Non Stick Pan Vs. Cast Iron – Let’s get one thing clear: No pan made of any material is worthless. Each pan with different construction and material in our kitchen arsenal serves a particular purpose and needs a distinctive way of maintenance. Every ingredient responds differently in each pan, resulting in different textures and tastes.
Two of the predominant essentials in our kitchen are cast iron and non-stick pans.
Understanding their core difference and when and how they should be used will give you a clear idea of when to swap your cookware.
- Non Stick Pan Vs. Cast Iron – Difference at a Glance
- Cast Iron Vs. Non-Stick: Basics
- Frequently Asked Questions – FAQs
- Wrapping Up!
Non Stick Pan Vs. Cast Iron – Difference at a Glance
|Durability||Can last only a few years||More durable|
|Cost-effective||Budget-friendly||A wide range of cast iron, from relatively cheaper to high-end pans, are available.|
|Dishwasher safety||Some pans are dishwasher safe, but it is not recommended to clean them in the dishwasher.||They are not dishwasher safe.|
|Heat Retention||They don’t retain heat.||Great heat retention|
|Compatibility||Not suitable for high-flame cooking and oven safe up to a certain level.||Suitable for high flame cooking and oven safe.|
|Induction Cooking||Only some non-stick pans are induction compatible.||They are induction compatible.|
|Soaking in water||Can be soaked in water for cleaning baked-on grease||Can’t be submerged in water for cleaning.|
|Preheating||Shouldn’t be preheated||Preheating is required for better performance.|
|Best Picks||Check Best Nonstick Pans||Check Best Cast Iron Pans|
Cast Iron Vs. Non-Stick: Basics
The dense and thick-bottom cast iron has been around for centuries, and it’s the tried and trusted pan for every use. There was no concept of non-stick. The cast-iron pots and pans were seasoned to perform as a non-stick base.
But cast iron pans are susceptible to rust, chip, or flake or are challenging to maintain.
Conversely, modern non-stick pans are the outcome of a fortunate discovery by Roy Plunkett in a subsidiary chemical plant of Dupont in 1938. The discovered slippery substance (PTFE) was patented as Teflon and used in pots and pans. The ease and convenience of the slick and non-sticky base made it so popular that now almost 70% of the household uses non-stick pans, and it has become the choice of novice and pro-cooks both.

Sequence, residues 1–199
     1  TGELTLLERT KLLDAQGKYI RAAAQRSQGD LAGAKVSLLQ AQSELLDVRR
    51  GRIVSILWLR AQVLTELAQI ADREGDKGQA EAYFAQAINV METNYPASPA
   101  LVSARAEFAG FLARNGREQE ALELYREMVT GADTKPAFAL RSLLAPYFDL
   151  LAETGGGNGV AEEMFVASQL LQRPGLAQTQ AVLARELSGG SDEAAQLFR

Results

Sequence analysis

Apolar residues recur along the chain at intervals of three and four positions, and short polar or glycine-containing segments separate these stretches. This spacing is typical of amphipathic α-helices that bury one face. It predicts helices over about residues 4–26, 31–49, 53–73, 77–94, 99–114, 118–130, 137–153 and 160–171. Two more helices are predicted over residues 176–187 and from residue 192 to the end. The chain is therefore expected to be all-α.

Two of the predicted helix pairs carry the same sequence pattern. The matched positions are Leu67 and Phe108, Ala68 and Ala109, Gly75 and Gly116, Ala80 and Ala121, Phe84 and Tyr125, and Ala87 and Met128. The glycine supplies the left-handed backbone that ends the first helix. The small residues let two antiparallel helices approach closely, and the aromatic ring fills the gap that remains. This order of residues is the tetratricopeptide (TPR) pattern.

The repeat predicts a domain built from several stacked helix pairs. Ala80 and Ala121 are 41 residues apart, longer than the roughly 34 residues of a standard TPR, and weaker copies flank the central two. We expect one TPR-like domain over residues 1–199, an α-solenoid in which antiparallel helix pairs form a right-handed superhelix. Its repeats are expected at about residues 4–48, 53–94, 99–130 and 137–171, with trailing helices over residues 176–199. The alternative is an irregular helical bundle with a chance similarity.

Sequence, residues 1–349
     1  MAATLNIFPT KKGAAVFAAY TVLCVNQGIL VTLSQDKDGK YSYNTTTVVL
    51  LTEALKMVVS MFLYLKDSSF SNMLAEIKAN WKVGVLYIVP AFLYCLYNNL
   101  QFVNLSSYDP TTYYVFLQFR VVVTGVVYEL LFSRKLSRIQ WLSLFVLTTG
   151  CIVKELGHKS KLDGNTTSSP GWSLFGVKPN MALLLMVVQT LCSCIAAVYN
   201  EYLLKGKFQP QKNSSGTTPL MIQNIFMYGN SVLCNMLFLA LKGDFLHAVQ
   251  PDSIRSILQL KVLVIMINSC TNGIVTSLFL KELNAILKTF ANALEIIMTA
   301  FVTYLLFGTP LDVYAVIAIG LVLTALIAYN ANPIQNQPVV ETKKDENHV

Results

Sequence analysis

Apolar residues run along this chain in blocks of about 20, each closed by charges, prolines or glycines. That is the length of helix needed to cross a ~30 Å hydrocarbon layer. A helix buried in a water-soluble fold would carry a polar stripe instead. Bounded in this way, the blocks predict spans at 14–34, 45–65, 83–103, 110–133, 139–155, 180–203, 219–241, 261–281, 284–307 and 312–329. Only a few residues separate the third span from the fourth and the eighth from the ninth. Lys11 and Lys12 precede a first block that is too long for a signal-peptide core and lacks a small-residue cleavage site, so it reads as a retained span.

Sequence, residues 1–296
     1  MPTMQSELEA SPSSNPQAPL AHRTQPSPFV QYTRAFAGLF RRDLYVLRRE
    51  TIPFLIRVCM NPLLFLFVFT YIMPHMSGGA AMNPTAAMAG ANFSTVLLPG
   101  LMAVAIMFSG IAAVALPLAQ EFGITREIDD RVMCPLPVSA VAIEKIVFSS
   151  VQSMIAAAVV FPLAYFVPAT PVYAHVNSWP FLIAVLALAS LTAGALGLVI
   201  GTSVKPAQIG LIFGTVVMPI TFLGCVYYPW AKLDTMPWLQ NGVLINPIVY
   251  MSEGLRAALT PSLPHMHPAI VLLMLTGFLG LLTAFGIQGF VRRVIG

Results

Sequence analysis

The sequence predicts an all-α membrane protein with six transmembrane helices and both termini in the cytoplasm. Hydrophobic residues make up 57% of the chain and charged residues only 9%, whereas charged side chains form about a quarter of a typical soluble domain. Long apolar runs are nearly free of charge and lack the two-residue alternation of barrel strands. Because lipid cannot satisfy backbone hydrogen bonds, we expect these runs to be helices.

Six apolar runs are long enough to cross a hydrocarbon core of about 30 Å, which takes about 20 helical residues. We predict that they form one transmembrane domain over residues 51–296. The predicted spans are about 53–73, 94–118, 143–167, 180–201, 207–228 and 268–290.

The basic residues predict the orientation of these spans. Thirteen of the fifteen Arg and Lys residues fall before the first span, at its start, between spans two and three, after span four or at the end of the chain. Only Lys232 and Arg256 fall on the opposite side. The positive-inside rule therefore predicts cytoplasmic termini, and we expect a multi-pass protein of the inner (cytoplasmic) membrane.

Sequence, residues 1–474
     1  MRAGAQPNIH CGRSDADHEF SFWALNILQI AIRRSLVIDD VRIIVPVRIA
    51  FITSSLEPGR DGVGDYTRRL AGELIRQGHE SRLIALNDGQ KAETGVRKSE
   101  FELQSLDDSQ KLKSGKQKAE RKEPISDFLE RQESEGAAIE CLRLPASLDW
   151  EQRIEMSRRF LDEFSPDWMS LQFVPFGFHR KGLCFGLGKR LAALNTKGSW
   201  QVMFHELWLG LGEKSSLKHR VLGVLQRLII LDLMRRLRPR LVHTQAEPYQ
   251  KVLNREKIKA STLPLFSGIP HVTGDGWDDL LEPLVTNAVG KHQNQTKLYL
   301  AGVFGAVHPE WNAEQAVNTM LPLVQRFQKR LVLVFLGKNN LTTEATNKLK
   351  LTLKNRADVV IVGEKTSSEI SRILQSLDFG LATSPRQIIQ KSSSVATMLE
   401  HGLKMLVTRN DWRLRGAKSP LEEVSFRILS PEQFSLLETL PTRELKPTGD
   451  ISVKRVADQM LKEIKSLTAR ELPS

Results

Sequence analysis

However, non-stick pans have their own set of drawbacks and limitations, just like cast iron pans. Let’s dig deep into details about their differences
Cast iron pans’ distinguishing specialty is their heat resistance and ability to cook food at high heat. It’s the reason cast iron pans are the preferred choice for searing and sauteing food on high heat.
Non-stick pans are designed only for medium or medium-high heat. If you cook at high heat on non-stick pans, the coating will start deteriorating, and the pan will soon lose its non-stick ability. However, cooking on high heat isn’t only related to the degradation of non-stickiness; it opens up a whole new debate of non-stick safety.
Level of Safety
As discussed above, the non-stick coating is primarily made of PTFE (polytetrafluoroethylene). If heated above 500°F, it starts emitting a toxic gas, and inhaling the gas is lethal to birds and harmful to humans as it can cause “Teflon Flu.” Furthermore, the coating has been associated with “Cancer.” All these debates have caused the ban of PFOA (an ingredient used in the making of PTFE), and all non-stick pans manufactured now are deemed safe. More safe coatings such as “Ceramic non-stick” are also produced to negate the detrimental effects of non-stick pans on health completely.
However, time-tested cast iron pans are never associated with any harmful effect on health. On the contrary, it’s been considered great for natural iron absorption by the food, eventually leading to more healthy food. Don’t miss to read – are ceramic non-stick pans safe? to learn more about this coating.
Heat Distribution and Retention
Non-stick pans have aluminum clad construction topped with non-stick coating. Aluminum is known to be a good heat conductor, and as a result, non-stick pans heat up quickly, and the heat disperses thoroughly from center to sides. So, you can cook on any stovetop, and you will get perfectly and evenly browned food. However, the heat retention of non-stick pans is comparatively lower, which means the pans cool down rapidly. Due to rapid heating, non-stick pans don’t require preheating time. In fact, it is not advisable to heat an empty non-stick pan; else, the coating will start flaking sooner than expected.
Cast iron pans, with their high-gauged bottom, require much more preheating time. Another reason is that cast iron pans are a bad heat conductor, so they take up around 10 minutes of preheating, and moving the pan around the stovetop during that time is required, so cast iron pans heat evenly. But once cast iron pans get hot, it retains the temperature even if you put them off the stovetop. This attribute comes in handy when cooking in pan on an electric stovetop that shuts down after reaching a certain temperature, and the pan doesn’t get cold. It also helps in browning the toast even if you turn off the heat.